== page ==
Given the failure of third-party audits to pinpoint potential food safety problems in recent cases involving German sprouts, Georgia peanuts and Colorado cantaloupe, some primary handlers of produce might be considering sending in their own teams to inspect suppliers.
“I am hearing from a few of the larger produce organizations (first handlers) is that is what they are going back to,” said Dave Gombas, senior vice president for food safety and technology for the Washington, D.C.-based United Fresh Produce Association.
He said he was unaware of foodservice and retail buyers who are thinking of doing the same. “(Retailers) would need an army,” he said.
However, Gombas said some primary handlers of produce are considering it.
“They are not trusting the third-party audits and they are going out and doing their own inspections as well to verify if the third-party (inspectors) are doing a good job,” Gombas said.
In light of recent outbreaks, some growers question the value of audits, said Chris Schlect, president of the of the Northwest Horticultural Council, Yakima, Wash. Gombas said the services auditors offer vary greatly — one of the biggest issues to resolve in the industry.
With 140,000 farms in the country, finding the right number of people knowledgeable about food safety is a tall task, Gombas said.
While the FDA is charged with developing a process to accredit third-party auditors in foreign countries under the new Food Safety Modernizaton Act, Gombas predicts FDA will find it hard to rely on third-party audits.
“Everyone is looking for FDA to come up with a solution, but I don’t know if they have any better answers than we do,” he said.
He noted the United Fresh effort to harmonize Good Agricultural Practices did not address third-party auditor certification.
“We knew that the harmonzied standard was a tough enough goal to achieve.”
The Global Food Safety Initiative which begin in 2000 and was designed to harmonize audit standards in Europe — still hasn’t solved that issue.
Roy Costa, president of third-party auditing company Environ Health Associates Inc., Deland, Fla., said some auditors aren’t prepared for the range of food facilities they inspect, whether it is a bakery, seafood facilities, a meat processing plant or packinghouse for fresh fruits and vegetables.
“The auditors are required to wear all these different hats,” he said.
Unfortunately, because of the demand (for services), the auditor may not have the exact industry knowledge they need to look at the commodity they are looking at.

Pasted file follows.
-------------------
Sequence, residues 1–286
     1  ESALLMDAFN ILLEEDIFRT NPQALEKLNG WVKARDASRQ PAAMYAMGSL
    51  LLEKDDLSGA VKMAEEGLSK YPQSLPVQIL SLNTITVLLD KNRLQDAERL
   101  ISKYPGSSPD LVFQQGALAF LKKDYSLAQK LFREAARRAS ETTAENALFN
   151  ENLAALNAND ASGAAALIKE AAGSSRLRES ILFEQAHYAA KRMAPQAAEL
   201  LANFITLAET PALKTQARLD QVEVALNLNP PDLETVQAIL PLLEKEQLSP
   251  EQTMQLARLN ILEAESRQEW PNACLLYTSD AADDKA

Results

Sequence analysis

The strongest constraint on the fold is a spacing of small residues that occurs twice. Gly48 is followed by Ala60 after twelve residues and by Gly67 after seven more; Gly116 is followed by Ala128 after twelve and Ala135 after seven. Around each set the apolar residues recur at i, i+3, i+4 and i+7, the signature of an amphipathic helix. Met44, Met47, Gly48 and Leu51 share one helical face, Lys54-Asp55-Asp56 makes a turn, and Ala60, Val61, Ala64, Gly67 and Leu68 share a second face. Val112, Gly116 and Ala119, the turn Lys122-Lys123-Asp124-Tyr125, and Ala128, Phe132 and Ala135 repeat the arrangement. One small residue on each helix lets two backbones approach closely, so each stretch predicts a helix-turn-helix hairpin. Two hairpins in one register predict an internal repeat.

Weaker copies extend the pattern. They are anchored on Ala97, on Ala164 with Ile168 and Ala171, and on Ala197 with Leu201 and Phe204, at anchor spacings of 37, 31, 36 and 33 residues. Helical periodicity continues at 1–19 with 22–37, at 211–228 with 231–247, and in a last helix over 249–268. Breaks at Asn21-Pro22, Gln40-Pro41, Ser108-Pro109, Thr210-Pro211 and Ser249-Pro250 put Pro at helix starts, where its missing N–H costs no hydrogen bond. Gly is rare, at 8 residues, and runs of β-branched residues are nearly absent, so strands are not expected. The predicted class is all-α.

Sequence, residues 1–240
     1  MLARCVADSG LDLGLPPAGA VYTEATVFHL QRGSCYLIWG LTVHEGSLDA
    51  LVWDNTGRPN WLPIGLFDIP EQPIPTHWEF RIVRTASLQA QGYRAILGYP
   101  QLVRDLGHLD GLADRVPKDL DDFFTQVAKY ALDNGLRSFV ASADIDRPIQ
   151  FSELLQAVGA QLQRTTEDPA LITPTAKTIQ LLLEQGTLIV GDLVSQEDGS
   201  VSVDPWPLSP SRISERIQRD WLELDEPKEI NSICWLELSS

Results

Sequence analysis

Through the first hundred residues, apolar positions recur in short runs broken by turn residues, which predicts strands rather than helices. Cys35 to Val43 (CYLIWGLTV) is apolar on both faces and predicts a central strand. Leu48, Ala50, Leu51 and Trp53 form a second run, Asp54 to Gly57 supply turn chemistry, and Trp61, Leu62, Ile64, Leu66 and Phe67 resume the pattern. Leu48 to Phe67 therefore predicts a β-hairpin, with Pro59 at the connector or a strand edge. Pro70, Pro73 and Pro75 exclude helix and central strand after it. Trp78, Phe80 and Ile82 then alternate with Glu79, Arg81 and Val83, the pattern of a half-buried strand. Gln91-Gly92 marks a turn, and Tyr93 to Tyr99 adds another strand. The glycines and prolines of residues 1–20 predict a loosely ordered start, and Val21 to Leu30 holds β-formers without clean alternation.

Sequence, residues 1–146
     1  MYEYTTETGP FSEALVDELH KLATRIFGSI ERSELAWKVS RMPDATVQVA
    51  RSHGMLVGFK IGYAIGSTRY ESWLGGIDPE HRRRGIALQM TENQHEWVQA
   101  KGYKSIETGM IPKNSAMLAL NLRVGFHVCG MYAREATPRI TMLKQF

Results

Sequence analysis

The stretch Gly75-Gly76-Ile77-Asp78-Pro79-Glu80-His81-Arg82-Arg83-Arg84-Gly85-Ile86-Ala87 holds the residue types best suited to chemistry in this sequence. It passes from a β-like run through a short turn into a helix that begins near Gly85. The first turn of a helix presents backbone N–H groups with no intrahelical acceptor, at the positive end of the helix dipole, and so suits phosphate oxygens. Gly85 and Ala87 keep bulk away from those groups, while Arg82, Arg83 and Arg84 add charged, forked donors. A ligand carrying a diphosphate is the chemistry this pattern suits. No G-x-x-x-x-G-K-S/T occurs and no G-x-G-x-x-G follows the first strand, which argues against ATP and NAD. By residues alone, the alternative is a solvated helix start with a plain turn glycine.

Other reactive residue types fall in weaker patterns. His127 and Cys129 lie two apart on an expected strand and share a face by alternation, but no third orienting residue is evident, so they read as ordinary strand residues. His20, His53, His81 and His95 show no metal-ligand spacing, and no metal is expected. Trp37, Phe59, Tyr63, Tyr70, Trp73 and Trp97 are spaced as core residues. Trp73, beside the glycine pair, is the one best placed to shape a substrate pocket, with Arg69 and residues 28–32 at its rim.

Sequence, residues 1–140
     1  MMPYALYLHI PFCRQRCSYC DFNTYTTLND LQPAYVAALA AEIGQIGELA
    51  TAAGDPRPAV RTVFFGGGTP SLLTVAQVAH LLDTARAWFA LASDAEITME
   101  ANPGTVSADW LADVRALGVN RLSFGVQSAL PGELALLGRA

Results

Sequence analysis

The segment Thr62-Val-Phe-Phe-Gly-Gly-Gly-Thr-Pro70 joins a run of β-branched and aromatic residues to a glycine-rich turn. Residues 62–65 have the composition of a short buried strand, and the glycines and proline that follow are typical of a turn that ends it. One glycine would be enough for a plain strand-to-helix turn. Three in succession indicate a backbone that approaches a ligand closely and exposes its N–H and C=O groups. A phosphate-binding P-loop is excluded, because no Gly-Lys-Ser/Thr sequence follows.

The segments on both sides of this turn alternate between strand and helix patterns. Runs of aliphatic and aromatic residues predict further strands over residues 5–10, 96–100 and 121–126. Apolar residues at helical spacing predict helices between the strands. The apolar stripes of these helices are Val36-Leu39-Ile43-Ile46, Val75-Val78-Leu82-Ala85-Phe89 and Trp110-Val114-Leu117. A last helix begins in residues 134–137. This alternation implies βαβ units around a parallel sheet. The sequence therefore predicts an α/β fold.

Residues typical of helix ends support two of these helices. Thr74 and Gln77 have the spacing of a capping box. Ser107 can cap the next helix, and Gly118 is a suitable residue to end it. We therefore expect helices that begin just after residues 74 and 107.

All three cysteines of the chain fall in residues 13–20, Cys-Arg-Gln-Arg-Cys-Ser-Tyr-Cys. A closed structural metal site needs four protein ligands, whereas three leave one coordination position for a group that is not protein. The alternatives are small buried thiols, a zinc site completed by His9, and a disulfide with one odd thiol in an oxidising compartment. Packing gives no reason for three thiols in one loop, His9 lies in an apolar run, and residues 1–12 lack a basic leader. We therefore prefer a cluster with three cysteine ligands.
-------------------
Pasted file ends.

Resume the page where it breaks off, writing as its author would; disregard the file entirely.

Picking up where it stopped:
Costa said the third-party auditing industry needs more inspectors with a broad scientific background, in addition to possessing industry specific knowledge when that is needed.
Scott Horsfall, chief executive officer of the California Leafy Greens Marketing Agreement, said the marketing agreement approach works for the leafy greens industry.
“We use a government auditor — truly an independent auditor — and we have the requirement that any findings get fixed and we verify that through audit as well,” he said.
Gombas said the government inspection is important to leafy greens marketers.
“Coming off the tragic (E. coli in spinach) outbreak we had in 2006, the industry wanted government involvement and government oversight,” he said. “The industry itself wanted to bring in government auditors because they felt like it was going to give it credibility, provide the transparent process as well as the true independence they were looking for.”
All members of the agreement are subject to several audits per year, including one unannounced audit per year. With FDA writing produce safety regulations, Horsfall said there should be a way to create a public-private partnership between government inspectors and third-party auditors.
“We’ve got to find ways to link this all together so we don’t end up with layer upon layer of duplicative audits and inspections and rules,” he said.
Horsfall said he does not see much variability between individual government auditors who inspect leafy greens producers, in large part because the industry uses the same core group of inspectors for several years.
Horsfall said most of the major buyers in the country do require their leafy greens suppliers in California to be certified by the LGMA, but many still have additional requirements beyond that.
“We’re trying to work within the system see if we can’t answer all those needs,” he said.”We can drive costs out of the system if we can get more widespread acceptance of the LGMA certification.”